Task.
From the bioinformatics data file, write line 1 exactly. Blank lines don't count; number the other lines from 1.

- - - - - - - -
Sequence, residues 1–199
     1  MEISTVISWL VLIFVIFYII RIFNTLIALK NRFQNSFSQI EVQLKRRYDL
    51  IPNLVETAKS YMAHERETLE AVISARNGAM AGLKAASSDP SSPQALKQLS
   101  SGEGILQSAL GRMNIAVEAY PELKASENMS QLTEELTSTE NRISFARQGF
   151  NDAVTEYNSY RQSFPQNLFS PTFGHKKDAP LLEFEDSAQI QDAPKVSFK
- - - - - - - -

Sequence, residues 1–199